ENGIE has faced a steep learning curve as one of the first movers in Africa’s renewable energy sector. However, the company and its African customers and partners are beginning to reap the rewards.
ENGIE Africa currently employs around 4,000 people across the continent from Morocco to Uganda. Many of them work in the off-grid sector. They design and install infrastructure and provide services for solar powered mini-grids and individual solar home systems. ENGIE however operates right across the sector. This is because the firm has invested substantially in grid-scale renewables and the expansion of its energy services business.
According to ENGIE Africa CEO Yoven Moorooven “Our approach in the last couple of years has been to say: we know Africa is huge and has a lot of challenges. However, we can develop the business in a way that makes the most impact. Both in terms of bringing economic value to us as a company, and to individual countries and their people”.
That approach has resulted in the creation of a diverse project portfolio both in terms of project type and geographical distribution and it is one that is growing fast. ENGIE now has some 3 GW of renewables and thermal generating capacity in Africa. This capacity can provide electricity to more than 4.5m people. Another 12 GW of capacity is in the project pipeline.
ENGIE’s Operation Centres
ENGIE has been operating for some years in two of the continent’s most dynamic markets, South Africa and Morocco. In South Africa, its portfolio of wind, solar photovoltaic (PV) and concentrated solar power projects has added some 1.2 GW of capacity. In Morocco, a joint venture with local partner Nareva Holding operates the 300 MW Tarfaya wind farm. ENGIE also operates thermal power plants in both countries.
Although the firm currently operates in these two countries; it has been able to expand to other countries. The continual growth of interest in renewables on the continent makes it easy for ENGIE Africa to expand into new markets. ENGIE and its partners inaugurated Egypt’s largest wind farm, the 262.5 MW Ras Ghareb project, in December 2019. In Tunisia, it is working on a 120 MW solar PV project. Also, in Senegal it is starting construction of two 30 MW solar PV projects. The company has also signed an agreement with the government of Djibouti to build a 30 MW solar PV project there in partnership with Électricité de Djibouti.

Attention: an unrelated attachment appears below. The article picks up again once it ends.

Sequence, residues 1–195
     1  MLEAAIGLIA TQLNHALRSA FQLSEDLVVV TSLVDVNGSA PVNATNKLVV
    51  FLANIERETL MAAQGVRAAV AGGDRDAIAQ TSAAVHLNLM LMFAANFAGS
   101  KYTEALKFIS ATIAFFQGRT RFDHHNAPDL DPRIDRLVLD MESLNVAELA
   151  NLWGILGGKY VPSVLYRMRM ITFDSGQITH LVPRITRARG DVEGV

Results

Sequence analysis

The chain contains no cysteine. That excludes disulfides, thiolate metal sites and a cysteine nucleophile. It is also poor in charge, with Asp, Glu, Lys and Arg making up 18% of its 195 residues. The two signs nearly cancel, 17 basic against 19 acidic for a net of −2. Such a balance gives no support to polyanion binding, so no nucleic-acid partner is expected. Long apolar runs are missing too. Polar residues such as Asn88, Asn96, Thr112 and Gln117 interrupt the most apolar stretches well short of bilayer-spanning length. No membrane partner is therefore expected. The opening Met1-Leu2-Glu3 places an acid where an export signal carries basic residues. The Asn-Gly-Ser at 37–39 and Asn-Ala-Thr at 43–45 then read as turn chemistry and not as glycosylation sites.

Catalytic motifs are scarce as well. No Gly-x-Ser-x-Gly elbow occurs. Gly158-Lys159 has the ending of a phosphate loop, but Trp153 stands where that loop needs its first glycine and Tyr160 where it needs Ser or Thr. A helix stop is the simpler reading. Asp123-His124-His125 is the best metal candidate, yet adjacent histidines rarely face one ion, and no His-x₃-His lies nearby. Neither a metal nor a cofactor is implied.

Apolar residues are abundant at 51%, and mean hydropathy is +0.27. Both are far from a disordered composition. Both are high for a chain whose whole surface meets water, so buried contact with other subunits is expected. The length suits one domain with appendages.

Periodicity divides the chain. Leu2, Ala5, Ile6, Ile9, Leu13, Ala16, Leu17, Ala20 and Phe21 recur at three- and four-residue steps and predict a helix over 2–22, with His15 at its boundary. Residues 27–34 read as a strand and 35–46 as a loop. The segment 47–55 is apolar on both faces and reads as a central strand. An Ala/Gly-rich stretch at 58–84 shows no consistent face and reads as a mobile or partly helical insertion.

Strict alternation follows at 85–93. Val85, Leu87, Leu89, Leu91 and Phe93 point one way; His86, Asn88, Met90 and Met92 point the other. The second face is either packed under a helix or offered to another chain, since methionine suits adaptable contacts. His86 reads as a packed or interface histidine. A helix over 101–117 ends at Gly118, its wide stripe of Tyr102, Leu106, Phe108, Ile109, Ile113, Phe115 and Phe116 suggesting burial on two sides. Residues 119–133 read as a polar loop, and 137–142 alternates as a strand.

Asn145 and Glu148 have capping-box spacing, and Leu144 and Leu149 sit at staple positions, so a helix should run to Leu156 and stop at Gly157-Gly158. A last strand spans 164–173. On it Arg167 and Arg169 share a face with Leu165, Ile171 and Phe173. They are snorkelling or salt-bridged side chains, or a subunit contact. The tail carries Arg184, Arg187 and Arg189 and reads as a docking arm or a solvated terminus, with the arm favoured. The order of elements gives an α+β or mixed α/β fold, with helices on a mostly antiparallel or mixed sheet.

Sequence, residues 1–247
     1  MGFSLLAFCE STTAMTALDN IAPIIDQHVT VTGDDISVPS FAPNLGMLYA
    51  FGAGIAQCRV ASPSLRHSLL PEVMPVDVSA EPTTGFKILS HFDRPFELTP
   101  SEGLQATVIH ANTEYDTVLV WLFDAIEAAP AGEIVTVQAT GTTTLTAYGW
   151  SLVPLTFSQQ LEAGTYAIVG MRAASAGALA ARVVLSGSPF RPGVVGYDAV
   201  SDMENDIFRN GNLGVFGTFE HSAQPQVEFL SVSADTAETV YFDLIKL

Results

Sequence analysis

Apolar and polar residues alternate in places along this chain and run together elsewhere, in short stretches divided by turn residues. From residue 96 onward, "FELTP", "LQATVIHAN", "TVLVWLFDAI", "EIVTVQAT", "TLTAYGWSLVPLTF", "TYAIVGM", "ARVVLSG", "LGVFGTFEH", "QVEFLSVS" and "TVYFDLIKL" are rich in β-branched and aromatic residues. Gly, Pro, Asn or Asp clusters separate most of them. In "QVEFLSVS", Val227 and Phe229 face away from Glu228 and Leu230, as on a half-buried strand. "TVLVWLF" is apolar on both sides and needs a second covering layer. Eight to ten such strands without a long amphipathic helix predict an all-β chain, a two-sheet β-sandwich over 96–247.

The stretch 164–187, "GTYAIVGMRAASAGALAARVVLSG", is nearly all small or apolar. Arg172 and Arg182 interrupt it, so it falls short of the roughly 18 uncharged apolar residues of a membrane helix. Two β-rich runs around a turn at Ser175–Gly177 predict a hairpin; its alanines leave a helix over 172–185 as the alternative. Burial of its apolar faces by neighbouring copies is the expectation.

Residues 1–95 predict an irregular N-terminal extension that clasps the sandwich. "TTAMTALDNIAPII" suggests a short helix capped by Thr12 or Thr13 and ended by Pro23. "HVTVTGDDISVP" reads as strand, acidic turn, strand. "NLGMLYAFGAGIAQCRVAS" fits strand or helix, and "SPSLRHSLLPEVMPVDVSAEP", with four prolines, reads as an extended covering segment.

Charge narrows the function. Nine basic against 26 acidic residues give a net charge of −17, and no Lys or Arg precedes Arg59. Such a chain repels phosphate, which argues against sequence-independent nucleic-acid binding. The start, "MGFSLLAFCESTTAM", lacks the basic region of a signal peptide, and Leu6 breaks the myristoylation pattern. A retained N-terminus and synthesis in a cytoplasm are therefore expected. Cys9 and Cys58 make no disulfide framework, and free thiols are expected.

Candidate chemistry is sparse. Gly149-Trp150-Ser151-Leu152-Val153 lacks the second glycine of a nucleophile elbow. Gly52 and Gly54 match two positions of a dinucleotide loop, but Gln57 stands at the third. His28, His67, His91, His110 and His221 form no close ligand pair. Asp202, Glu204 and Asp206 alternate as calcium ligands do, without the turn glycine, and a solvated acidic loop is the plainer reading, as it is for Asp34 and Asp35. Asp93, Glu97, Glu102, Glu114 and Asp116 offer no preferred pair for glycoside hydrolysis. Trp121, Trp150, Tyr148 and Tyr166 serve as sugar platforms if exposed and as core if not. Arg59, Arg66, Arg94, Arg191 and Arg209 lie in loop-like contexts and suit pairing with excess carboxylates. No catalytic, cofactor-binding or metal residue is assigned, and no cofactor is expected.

On the off-grid side, ENGIE bought home solar solutions pioneer Mobisol in September 2019 to complement its existing Fenix International home solar business and its ENGIE PowerCorner mini-grid business.
Building on the utility scale and off-grid renewables businesses, the company also runs an Energy Services business. The business provides installation, maintenance, facility management and other energy services across the continent.
ENGIE’s Tailored strategies
Making a success of these investments has required strategies tailored to the specific market segments. For smaller off-grid developments, Moorooven says they use a “plug and play” strategy. This strategy simply tests an approach to scaling up the business in one African country and, if it works, applied in other countries with suitable operational frameworks. This strategy has allowed ENGIE to expand its off-grid business for communities and individuals.
For utility-scale and larger off-grid projects, ENGIE is focusing on establishing activities in a relatively small group of countries with conducive operational frameworks. Rather than spreading itself more thinly across many markets where it may be more difficult to get projects done.
“It is important for us to build a stronghold in countries where we have a physical presence. We’ve scaled up our operations in South Africa and Morocco so now we would like to get scale in other countries, such as Egypt and Senegal,” Moorooven says.
ENGIE also adopts a “quick entry/quick exit” strategy. If things are not going well in a new market, the company would rather leave and look elsewhere for more productive opportunities.
Financial sustainability is another central plank of ENGIE’s approach to its African projects. The company believes it is better to invest in projects that can stand on their own commercially, rather than those reliant on subsidies for survival.
Better business environment
Moorooven is well placed to assess prospects for investment in the African power sector in an increasingly competitive global marketplace. He took over as ENGIE Africa’s CEO in April 2018, having originally joined the company as part of its Global Energy Management team in 2013. His experience before that included stints at Gaselys in Paris and then Macquarie. In Macquarie, he became Head of EMEA Energy Origination in 2010 when he was just 31 years old.
He remains positive on the investment outlook for African renewable energy projects. He has however expressed caution over the extent to which the impact of the Covid-19 pandemic will be felt in the sector.
Despite the challenges resulting from the pandemic, he believes the African power sector is still a good prospect for a company such as ENGIE that is seeking to scale up its operations.
“It’s getting better to do business on the continent, and with such a young population, demand is going to grow fast. The business environment is improving by the day”.